The cost-effectiveness of introducing nucleic acid testing to test for hepatitis B, hepatitis C, and humanimmunodeficiencyvirus among blood donors in Sweden Untitled Document The CRD Databases will not be available from 08:00 BST on Friday 4th October until 08:00 BST on Monday 7th October for essential maintenance. We apologise for any inconvenience.
, Committee on Adolescence . Adolescents and humanimmunodeficiencyvirus infection: the role of the pediatrician in prevention and intervention . 9. Centers for Disease Control and Prevention . HIV/AIDS surveillance in adolescents and young adults (through 2007) . Available at: . Accessed January 14, 2010 10. Hall HI , Song R , Rhodes P , et al. ; HIV Incidence Surveillance Group . Estimation of HIV incidence in the United States . 11. Eaton DK , Kann L , Kinchen S , et al. ; Centers for Disease Control (...) , Cooper E , Flynn P , Futterman DC . Current pediatrician practices in identifying high-risk behaviors of adolescents . Pediatrics . 2010 ; 125 ( 4 ). Available at: 18. Bartlett JG , Branson BM , Fenton K , Hauschild BC , Miller V , Mayer KH . Opt-out testing for humanimmunodeficiencyvirus in the United States: progress and challenges . 19. American Academy of Pediatrics . Bright Futures adolescent supplemental questionnaire 15 to 17 year visits . Available at: . Accessed February 2, 2010 20. Elster
The cost-effectiveness of symptom-based testing and routine screening for acute HIV infection in men who have sex with men in the USA The cost-effectiveness of symptom-based testing and routine screening for acute HIV infection in men who have sex with men in the USA The cost-effectiveness of symptom-based testing and routine screening for acute HIV infection in men who have sex with men in the USA Juusola JL, Brandeau ML, Long EF, Owens DK, Bendavid E Record Status This is a critical abstract (...) was effective over 20 years, but the addition of symptom-based viral load testing was more effective and relatively inexpensive. The methods, analyses, and results were mostly clear, and the authors’ conclusions appear to be reasonable. Type of economic evaluation Cost-effectiveness analysis, cost-utility analysis Study objective The aim was to examine the cost-effectiveness of strategies to detect and treat HIV in men who have sex with men. The target population was men aged 13 to 64 years, which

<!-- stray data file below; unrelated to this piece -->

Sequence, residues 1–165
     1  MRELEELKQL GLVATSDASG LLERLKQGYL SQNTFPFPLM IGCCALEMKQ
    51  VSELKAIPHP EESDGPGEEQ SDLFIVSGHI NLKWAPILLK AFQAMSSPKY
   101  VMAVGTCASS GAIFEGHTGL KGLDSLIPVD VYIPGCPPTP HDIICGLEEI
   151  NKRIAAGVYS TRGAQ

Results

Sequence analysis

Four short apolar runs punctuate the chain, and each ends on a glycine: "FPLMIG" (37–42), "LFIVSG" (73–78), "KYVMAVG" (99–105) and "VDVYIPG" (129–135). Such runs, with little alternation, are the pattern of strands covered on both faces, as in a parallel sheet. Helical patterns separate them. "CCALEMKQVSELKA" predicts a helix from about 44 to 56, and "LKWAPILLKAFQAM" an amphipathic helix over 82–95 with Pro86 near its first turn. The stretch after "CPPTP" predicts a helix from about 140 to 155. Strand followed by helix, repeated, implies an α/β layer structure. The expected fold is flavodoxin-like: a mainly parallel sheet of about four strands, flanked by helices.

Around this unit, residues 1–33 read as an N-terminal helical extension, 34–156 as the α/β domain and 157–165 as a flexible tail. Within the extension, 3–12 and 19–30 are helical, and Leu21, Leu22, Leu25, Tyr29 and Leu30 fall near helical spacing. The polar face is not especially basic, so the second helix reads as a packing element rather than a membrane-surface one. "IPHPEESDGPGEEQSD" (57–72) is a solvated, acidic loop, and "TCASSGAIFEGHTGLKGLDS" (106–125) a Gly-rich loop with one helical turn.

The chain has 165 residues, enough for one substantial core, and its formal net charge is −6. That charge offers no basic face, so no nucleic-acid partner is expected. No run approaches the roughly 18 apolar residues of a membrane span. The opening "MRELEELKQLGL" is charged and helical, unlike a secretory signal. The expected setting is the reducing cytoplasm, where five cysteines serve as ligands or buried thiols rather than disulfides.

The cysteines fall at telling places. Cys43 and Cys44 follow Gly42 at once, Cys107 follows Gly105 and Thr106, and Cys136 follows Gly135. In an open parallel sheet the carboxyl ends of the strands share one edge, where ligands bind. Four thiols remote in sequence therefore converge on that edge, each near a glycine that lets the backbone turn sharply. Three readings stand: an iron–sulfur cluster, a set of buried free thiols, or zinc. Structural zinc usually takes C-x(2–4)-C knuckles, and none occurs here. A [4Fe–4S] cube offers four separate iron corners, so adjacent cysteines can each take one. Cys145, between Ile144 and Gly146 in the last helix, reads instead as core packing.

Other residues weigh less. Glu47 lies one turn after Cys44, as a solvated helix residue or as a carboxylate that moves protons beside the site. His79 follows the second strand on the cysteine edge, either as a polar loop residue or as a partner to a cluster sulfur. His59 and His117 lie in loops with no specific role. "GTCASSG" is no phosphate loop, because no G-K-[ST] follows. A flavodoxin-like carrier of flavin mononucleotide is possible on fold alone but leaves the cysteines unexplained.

Promoting the uptake of HIVtesting among men who have sex with men: systematic review of effectiveness and cost-effectiveness Untitled Document The CRD Databases will not be available from 08:00 BST on Friday 4th October until 08:00 BST on Monday 7th October for essential maintenance. We apologise for any inconvenience.